Laos to Increase Foreign Workers

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Oct. 17 – Laos is currently suffering from a shortage of skilled labor and, as a result, the Laotian Ministry of Labor has announced that the country needs to bring in at least 70,000 more foreign workers to support its current workforce. Laos has already brought in 20,000 foreign workers as of late, but it has recognized that this amount is by no means enough to handle the actual work requirements of the country.

“Workers in Laos need more training to equip them with the skills needed to keep pace with competition from its Southeast Asian neighbors eying the formation of a single market in two years,” said Laotian Labor Minister Onechanh Thammavong.

Laos is currently the third poorest country in the ASEAN organization. However, the country has recently seen a large amount of investment coming in from China, Thailand and Vietnam – which has helped boost the country’s economic growth by 8 percent in 2012.

Under Laotian law, 10 percent of the workforce of a company that operates within the country can be made up of unskilled foreign laborers. In addition, up to another 20 percent may be foreign technical specialists. However, generally, at least 70 percent of the workforce must be local hires. It is possible, however, to receive special permission to hire a greater number of foreign workers.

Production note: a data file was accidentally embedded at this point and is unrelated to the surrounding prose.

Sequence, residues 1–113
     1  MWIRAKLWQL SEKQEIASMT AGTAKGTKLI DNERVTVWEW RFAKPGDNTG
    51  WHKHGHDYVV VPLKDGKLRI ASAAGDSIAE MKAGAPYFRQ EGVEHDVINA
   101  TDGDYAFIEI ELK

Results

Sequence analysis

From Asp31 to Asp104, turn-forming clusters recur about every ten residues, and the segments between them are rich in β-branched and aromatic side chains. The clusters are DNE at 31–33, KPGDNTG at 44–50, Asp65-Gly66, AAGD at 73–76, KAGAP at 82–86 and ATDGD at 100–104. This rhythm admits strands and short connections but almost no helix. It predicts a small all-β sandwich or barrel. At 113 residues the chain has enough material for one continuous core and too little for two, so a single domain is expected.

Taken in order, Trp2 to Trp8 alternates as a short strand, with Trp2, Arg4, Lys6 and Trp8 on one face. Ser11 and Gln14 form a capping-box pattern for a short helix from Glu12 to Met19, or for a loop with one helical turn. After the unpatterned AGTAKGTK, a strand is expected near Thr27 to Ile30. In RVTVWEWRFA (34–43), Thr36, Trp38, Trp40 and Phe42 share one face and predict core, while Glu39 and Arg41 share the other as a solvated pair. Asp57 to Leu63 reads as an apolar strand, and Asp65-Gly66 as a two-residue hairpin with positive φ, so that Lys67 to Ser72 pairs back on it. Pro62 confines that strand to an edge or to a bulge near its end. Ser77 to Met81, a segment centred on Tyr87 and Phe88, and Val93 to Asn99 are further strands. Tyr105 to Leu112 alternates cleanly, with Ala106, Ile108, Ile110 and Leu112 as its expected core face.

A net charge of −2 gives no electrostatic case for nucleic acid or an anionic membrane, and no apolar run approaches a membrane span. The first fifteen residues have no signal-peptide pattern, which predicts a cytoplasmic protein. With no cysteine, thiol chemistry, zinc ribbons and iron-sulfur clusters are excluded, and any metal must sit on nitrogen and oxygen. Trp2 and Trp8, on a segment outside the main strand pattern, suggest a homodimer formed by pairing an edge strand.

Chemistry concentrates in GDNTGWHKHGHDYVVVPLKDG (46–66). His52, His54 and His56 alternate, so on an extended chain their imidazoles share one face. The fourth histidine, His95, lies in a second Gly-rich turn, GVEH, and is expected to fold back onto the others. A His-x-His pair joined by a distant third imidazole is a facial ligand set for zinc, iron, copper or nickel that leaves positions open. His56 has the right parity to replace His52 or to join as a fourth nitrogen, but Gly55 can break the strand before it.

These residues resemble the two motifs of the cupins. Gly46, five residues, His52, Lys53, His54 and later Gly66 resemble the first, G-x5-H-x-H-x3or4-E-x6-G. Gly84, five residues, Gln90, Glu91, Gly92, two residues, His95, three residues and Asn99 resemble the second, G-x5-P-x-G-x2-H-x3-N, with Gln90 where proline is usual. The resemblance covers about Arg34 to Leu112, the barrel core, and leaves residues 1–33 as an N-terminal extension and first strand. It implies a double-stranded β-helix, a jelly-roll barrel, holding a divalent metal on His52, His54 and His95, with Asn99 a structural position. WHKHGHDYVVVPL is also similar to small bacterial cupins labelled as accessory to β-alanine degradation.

According to international news agency Radio Free Asia: “Foreign investors say they prefer to bring their own workers to Laos because the locals they hire can be undisciplined or unreliable, with many failing to show up for work when rice-planting season begins as they tend to their own fields instead.”

Other foreign companies have also blamed their reluctance to take on local hires on the poor skills training programs that are provided by the Lao government. As ASEAN aims to further liberalize the migration of workers within Southeast Asia, Minister Onechanh has stated that Laos will greatly expand and improve its skills training programs so that the country can be much more competitive once the ASEAN Economic Community goes into effect in 2015.

According to a senior adviser to the Lao National Chamber of Commerce and Industry, the industries that are experiencing large shortages of workers include the following: garment, processing, tourism, steel, furniture and construction.

According to the U.S. Department of State, currently a foreigner traveling to Laos must arrange to obtain their business visa prior to arrival.  The visa must be sponsored by an individual or a company that is located in Laos, and the sponsor must then contact the Lao Ministry of Foreign Affairs (MFA) and request a visa on the foreigner’s behalf in addition to offering a “guarantee.”  Once the request is approved, the MFA will send the forms to the relevant foreign embassy where the actual process of applying for the visa can continue.

Once in the country, a business visa can be extended for one month.

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